Ang kuwento ng ‘Kuwento ni Rosario’ | Inquirer Opinion
Second Opinion

Ang kuwento ng ‘Kuwento ni Rosario’

/ 05:07 AM October 30, 2020

In my column the other week, I referenced the case study called “Ang Kuwento ni Rosario” in articulating the injustices that surrounded the death of Baby River, who, although officially a victim of pneumonia, “just like Rosario… might as well have been murdered through the circumstances of her short life.” Such is the resonance of the case to today’s events that my fellow columnist, Dr. Kay Rivera, likewise cited it early in the pandemic to question the factors that led to people dying of COVID-19.

For those interested, the case study itself can easily be searched online. But even those who have encountered the case study may not be familiar with its background, so let me share with you what I have learned about the story behind “Ang Kuwento ni Rosario.”


Curiously, my investigation began in South Africa last year, where, to my surprise, one of the activities we went through as part of a workshop on health inequity was very similar to “Ang Kuwento ni Rosario.” When I asked David Sanders, one of the speakers, about it, he mentioned that the story was inspired by David Werner, his fellow pioneer in the primary health care movement.

Werner, in turn, was a health care reformer who used case studies from his work in Mexico to affirm, in keeping with the Alma-Ata Declaration in 1978, “that health depends on equity.” In “The Story of Chelo,” for instance, he tells the story of a poor man with tuberculosis. After having people read the story, he invites them to identify the “chain of causes” that led to Chelo’s TB and how it devastated his family.


Now for the Philippine connection: As it turned out—and as helpfully recounted to me by Prof. Michael Tan, Dr. Delen dela Paz, Dr. Buching Paterno, and others—Werner actually visited the Philippines in 1981 together with health workers from Central America, and it was during this exchange with people involved in community-based health programs that he shared his approach, which his Filipino counterparts then adapted and modified.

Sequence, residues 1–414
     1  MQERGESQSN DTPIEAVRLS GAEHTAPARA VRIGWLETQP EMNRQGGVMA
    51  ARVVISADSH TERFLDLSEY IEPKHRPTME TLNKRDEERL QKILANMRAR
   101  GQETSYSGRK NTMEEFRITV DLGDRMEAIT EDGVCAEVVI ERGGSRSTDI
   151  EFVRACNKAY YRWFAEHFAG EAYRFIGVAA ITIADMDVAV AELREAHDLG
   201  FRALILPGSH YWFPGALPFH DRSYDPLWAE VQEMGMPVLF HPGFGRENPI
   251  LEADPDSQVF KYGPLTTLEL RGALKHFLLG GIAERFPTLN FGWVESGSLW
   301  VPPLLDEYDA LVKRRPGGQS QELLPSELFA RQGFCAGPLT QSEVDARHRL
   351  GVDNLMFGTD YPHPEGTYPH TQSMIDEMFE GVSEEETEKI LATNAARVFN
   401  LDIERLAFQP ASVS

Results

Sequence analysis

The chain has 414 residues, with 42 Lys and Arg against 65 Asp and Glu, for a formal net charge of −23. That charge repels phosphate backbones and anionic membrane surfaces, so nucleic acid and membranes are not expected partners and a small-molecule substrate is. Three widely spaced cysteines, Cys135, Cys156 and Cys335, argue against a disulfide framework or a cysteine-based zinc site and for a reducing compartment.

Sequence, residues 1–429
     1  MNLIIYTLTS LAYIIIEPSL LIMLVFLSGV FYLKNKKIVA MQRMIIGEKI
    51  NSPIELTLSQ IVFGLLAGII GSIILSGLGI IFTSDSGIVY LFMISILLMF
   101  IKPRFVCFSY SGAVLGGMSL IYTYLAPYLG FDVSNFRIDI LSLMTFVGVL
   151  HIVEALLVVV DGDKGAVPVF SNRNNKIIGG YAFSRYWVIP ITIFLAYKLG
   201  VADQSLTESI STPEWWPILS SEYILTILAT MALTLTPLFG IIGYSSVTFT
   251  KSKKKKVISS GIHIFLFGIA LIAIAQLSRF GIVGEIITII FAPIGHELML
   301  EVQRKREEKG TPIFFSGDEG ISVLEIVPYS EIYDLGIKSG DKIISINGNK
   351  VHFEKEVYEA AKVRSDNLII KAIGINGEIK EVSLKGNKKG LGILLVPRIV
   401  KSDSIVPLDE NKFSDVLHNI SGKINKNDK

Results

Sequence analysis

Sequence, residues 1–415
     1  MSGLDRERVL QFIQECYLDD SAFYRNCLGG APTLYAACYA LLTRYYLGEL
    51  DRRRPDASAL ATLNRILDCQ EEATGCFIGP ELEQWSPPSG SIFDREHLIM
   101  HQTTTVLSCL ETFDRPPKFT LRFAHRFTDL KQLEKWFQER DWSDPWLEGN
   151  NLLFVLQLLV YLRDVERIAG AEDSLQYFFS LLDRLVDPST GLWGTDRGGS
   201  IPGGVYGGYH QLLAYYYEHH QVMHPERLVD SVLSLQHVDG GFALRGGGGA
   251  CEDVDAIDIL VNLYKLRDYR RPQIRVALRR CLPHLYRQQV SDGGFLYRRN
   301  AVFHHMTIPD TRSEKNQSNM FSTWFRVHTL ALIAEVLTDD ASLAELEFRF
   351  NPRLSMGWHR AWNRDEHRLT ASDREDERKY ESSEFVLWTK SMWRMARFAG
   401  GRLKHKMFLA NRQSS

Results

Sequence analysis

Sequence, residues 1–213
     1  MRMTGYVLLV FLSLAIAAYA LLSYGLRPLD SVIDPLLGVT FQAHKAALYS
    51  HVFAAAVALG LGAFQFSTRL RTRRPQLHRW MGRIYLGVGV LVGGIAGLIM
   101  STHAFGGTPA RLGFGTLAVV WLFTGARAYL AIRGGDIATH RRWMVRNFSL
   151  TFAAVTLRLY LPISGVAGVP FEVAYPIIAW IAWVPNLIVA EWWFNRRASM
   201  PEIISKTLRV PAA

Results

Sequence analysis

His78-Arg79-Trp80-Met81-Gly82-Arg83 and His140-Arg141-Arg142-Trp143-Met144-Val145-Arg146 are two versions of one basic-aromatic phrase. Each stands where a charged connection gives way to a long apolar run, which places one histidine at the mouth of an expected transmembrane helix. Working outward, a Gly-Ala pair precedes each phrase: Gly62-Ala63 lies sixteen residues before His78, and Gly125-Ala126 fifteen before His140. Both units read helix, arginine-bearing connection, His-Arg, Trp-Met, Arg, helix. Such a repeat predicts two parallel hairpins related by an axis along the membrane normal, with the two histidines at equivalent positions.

“It was an excellent teaching strategy,” Gerardo Andamo of the Council for Primary Health Care, a health NGO, told me. “We searched for a true-to-life story in an urban poor setting. During that time, a girl named Rosario died of diarrhea as a complication of measles. The underlying antecedent cause is malnutrition. The story of the child’s death further strengthened the community’s decision to participate in the establishment of the health program in the area.”

Andamo ended up writing the case study himself in 1982, but he and his colleagues modified Werner’s approach to account for the complexity of socioeconomic factors. “From a simple chain of causes… we elevated the discussion to become a web of causes all contributing to the futility of the situation and deepened discussion on ill-health and poverty cycle.” (Dr. Dela Paz added that when they went back to the community—Barangay Tañong in Malabon—months later, Rosario’s family had already left the area.)

As the years went by, “Ang Kuwento ni Rosario” proved to be an effective starting point to talk about health as a social and political issue in a way that people can relate to. For instance, Professor Tan used the case study to talk about the need for pharmaceutical reforms in 1986, given the “useless or dangerous” medications Rosario was prescribed with. The finer points of the case have undergone tweaking to accommodate the issues and paradigms of the time—e.g., reproductive health and the devolution of health care system in the 1990s, “social determinants of health” in the 2000s—but the original story has remained unchanged for almost four decades.

I think it is a testament to the self-effacing character of the people in the health movement that nobody really sought credit for the case study all these years; instead, they were happy to leave it as an open source document that people could freely use. This piece is in part a tribute to them and those involved in primary care and community medicine, many of whom have dedicated their lives to imparting the lessons of Rosario to the next generations of health professionals.

But the only way to truly pay tribute to those pioneers—and do justice to the people they wrote for, with, and about, is to carry on their work. Rosario and Baby River may have passed away, but by calling out the violence, structural and real, that surrounded their illnesses, holding the perpetrators to account, and acting on the web of causes that led to their deaths, we can prevent many others from suffering their fate.


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TAGS: Baby River, Health Care, kuwento ni rosario, Nasino
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